If you haven’t seen the news, there is a few projects in the works to commercialize BT soybeans to help combat Soybean Cyst Nematode, to see a summary of the news release visit the link below.

Bt Soybean with SCN Resistance and Herbicide Tolerance

In an Aug. 19, 2020 DTN article titled “Bt Bean Targets SCN”, author Emily Unglesbee announces that the US-EPA has granted BASF a registration for a Bt soybean trait known as GMB151 that will target the soybean cyst nematode (SCN). The registration application for this trait can be found here.

Wheat Seeding Rates

Time to increase to 2,000,000 seeds/acre at a minimum. It’s better to seed too much at this point rather than too little.

Drowned out wheat

In most situations if are at the point that you need to make a judgment call, you are likely better to spray it off and start over rather than patch wheat in. If your feel you are in that situation and carry crop insurance, make sure you speak with your adjuster.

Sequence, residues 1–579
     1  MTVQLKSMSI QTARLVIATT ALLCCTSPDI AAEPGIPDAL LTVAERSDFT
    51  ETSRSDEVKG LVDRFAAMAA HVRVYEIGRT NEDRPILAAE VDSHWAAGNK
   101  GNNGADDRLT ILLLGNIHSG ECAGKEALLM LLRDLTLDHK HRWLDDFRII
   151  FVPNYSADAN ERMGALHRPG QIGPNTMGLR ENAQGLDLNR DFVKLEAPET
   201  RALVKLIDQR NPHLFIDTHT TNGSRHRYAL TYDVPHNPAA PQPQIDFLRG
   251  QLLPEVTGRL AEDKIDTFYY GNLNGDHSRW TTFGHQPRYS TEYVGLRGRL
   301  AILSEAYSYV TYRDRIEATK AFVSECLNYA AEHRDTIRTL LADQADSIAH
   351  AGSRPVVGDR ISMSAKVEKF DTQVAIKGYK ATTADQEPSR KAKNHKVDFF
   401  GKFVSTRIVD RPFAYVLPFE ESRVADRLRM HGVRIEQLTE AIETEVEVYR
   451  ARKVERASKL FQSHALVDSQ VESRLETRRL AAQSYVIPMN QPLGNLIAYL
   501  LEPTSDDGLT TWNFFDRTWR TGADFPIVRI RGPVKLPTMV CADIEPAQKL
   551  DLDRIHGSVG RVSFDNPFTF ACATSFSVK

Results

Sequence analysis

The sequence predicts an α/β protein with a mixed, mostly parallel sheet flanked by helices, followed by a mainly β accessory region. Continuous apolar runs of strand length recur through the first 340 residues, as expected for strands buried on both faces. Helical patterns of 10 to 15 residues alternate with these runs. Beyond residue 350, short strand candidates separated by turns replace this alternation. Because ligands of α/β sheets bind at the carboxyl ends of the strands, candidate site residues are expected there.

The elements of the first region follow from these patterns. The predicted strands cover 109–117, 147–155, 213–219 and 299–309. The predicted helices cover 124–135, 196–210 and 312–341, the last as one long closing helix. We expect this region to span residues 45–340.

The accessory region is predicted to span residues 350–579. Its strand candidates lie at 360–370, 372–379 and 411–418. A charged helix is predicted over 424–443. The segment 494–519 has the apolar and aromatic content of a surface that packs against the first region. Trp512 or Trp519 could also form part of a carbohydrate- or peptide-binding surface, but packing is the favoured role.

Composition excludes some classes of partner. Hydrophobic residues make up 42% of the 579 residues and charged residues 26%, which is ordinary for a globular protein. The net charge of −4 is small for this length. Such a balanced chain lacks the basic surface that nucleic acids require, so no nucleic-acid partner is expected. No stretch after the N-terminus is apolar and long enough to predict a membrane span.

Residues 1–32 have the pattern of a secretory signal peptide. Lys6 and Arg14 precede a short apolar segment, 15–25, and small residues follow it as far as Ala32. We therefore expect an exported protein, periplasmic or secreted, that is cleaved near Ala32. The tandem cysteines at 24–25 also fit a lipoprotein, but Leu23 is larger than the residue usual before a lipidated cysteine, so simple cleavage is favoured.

Your New to Fertilizer Storage?

If you are taking delivery this fall, keep it in condition for spring use. The big risk currently with liquid products is photo-degradation (10-34-0) and salt out (32% and ATS). Salt out occurs when a solution contains more solids in it than it can keep in solution when the temperature drops below its salt out point (think solid fat in soup or gravy after being in the fridge).

1)    28% UAN stores over the winter, ensure the tanks you are using are weighted properly for storing fertilizer and not water (liquid fertilizer is heavier than water).

2)    If you have 32% UAN left over, likely best to store it as 28% UAN. Adding water will reduce the super saturation and prevent salt out as temperatures drop.

3)    Ammonium Thiosulphate (12-0-0-26) will start to salt out at freezing and will require blending or heated storage. The alternative is to blend it with 28% UAN or water to lower the freezing point (see Article below).